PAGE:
Mary McCord, a former head of the Justice Department’s National Security Division, said that until now, the counterterrorism sanctions system had overwhelmingly been used against Islamist extremist groups. She called its expansion to a white supremacist group significant.

“It is important,” she said. “Far-right extremist causes, in particular white supremacy and white nationalism, have become more international. It is appropriate for the State Department to have been scrutinizing whether there are organizations that meet the criteria for that designation because with it, the organization becomes poison in terms of doing business with it or providing funds, goods or services to it.”

The move is also another example of the Trump administration expanding its use of the power Congress granted to the executive branch to impose sanctions on groups by designating them foreign terrorist organizations. Last year, under a separate authority, the United States designated the Islamic Revolutionary Guards Corps, an arm of the Iranian military, as a foreign terrorist group — the first time it gave that label to a nation-state entity.

Concerns have been escalating for several years that there is a growing transnational white supremacist or alt-right movement, as illustrated by the 2019 mass shootings at two mosques in Christchurch, New Zealand, by an Australian man who streamed the killings of 51 people on Facebook Live.

Against that backdrop, national security officials are said to have been searching for a neo-Nazi-style group that the U.S. government could designate as a foreign terrorist organization.

One challenge to finding an appropriate candidate was that designating a group with significant American ties would also raise major First Amendment issues, officials said. Although a Russian Imperial Movement member has visited the United States, the organization does not appear to have domestic members. It is not clear if the group has provided training to U.S.-based neo-Nazis.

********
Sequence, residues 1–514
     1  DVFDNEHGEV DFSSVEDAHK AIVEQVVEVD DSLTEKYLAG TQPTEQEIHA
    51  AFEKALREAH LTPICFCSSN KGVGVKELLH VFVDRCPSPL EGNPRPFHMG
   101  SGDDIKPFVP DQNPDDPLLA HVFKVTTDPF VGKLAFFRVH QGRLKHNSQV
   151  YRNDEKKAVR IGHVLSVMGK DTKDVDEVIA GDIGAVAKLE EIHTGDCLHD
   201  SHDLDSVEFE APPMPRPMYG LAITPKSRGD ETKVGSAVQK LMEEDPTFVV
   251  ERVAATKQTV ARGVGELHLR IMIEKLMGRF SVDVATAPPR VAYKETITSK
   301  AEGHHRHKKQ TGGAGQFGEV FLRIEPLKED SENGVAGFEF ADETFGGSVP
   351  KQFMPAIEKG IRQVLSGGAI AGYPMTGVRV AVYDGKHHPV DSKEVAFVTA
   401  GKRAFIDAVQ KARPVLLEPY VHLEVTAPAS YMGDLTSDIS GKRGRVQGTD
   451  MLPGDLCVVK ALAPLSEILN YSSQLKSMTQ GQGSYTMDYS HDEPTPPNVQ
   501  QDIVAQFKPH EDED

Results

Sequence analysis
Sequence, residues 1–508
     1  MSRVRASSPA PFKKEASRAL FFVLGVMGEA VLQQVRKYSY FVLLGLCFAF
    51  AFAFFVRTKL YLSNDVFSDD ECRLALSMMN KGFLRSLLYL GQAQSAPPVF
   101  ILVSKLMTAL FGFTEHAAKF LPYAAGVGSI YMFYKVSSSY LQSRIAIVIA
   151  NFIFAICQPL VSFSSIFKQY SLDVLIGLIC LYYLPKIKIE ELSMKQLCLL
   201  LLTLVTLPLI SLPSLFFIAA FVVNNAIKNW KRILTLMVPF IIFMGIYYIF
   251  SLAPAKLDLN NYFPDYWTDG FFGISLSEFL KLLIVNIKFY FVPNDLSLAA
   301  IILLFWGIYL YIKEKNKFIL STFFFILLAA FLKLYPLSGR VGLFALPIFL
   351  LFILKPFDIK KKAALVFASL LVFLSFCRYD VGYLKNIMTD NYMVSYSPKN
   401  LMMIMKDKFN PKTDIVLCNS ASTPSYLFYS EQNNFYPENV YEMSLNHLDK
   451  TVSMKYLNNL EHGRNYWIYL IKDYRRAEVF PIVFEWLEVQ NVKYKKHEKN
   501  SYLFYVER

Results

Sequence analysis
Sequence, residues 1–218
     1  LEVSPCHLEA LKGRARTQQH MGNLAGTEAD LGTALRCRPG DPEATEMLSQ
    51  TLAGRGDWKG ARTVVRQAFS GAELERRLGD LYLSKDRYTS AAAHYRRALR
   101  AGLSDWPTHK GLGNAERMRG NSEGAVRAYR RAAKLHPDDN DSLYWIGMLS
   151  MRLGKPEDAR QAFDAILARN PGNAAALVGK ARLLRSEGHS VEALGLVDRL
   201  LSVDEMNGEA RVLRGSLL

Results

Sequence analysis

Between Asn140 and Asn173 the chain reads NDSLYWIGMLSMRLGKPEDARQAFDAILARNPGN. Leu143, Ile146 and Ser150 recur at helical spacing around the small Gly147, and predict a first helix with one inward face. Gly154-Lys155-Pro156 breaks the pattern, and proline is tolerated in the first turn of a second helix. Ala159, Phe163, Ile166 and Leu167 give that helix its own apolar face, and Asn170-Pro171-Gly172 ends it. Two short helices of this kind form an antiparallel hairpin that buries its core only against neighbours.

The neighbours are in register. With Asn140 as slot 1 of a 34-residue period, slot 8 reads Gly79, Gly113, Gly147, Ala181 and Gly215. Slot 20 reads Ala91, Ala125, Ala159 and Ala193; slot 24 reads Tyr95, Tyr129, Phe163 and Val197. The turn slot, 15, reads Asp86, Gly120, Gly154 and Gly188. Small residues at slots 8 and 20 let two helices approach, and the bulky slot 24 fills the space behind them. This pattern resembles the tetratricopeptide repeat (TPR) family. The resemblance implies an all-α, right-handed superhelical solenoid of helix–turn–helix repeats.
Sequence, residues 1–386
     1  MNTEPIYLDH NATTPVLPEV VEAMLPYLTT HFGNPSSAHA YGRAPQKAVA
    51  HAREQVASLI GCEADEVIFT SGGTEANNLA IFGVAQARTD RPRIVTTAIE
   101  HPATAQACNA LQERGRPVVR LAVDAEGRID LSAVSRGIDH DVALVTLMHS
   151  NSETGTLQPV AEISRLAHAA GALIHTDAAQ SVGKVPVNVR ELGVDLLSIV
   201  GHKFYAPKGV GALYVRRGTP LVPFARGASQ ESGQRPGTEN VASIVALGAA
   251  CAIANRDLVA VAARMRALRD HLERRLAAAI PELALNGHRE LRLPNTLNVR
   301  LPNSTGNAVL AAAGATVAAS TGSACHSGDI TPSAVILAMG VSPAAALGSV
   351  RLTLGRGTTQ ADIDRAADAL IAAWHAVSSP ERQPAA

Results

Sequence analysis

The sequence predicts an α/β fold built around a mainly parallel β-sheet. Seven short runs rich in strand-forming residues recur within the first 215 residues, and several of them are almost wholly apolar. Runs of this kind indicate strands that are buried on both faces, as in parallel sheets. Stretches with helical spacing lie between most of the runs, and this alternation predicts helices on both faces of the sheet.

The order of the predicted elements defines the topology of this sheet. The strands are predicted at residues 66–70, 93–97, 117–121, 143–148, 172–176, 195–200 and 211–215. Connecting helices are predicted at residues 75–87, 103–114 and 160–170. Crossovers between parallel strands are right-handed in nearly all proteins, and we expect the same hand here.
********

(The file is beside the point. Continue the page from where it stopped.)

Fighting domestic terrorism, including violent white nationalists, has become a priority for the F.B.I. Federal and local authorities have made a wave of arrests in recent months, targeting members of two neo-Nazi groups called Atomwaffen Division and The Base.

The F.B.I. has been investigating whether the leader of The Base, who lives in St. Petersburg, has any ties to the Russian government’s security or intelligence services, former law enforcement officials said.

Mr. Sales said they were continuing to look for other white supremacist groups or individuals who met the criteria for sanctions, but declined to comment on any specifics.

The designation of the Russian Imperial Movement would make it easier for the F.B.I. to open sanctions-evasion investigations into Americans who appear to have ties to the group, just as it can with Islamist groups like Al Qaeda, the Islamic State or Hezbollah.

The Trump administration is preparing to unveil the move under the banner of combating “racially or ethnically motivated terrorism.” The F.B.I. refers to such groups as racially motivated violent extremists, which have committed the “most lethal incidents among domestic terrorists in recent years,” the F.B.I. said last year in congressional testimony.

Charlie Savage is a Washington-based national security and legal policy correspondent. A recipient of the Pulitzer Prize, he previously worked at The Boston Globe and The Miami Herald. His most recent book is “Power Wars: The Relentless Rise of Presidential Authority and Secrecy.” @charlie_savage • Facebook

Adam Goldman reports on the F.B.I. from Washington and is a two-time Pulitzer Prize winner. @adamgoldmanNYT

Eric Schmitt is a senior writer who has traveled the world covering terrorism and national security. He was also the Pentagon correspondent. A member of the Times staff since 1983, he has shared three Pulitzer Prizes. @EricSchmittNYT

A version of this article appears in print on April 6, 2020, Section A, Page 24 of the New York edition with the headline: U.S. Prepares to Sanction Russian Nationalist Group as a Terrorist Organization.

Copyright 2020 The New York Times Company

Follow Genocide Watch for more updates:

  • Grey Facebook Icon
  • Grey Twitter Icon
  • Grey YouTube Icon
bottom of page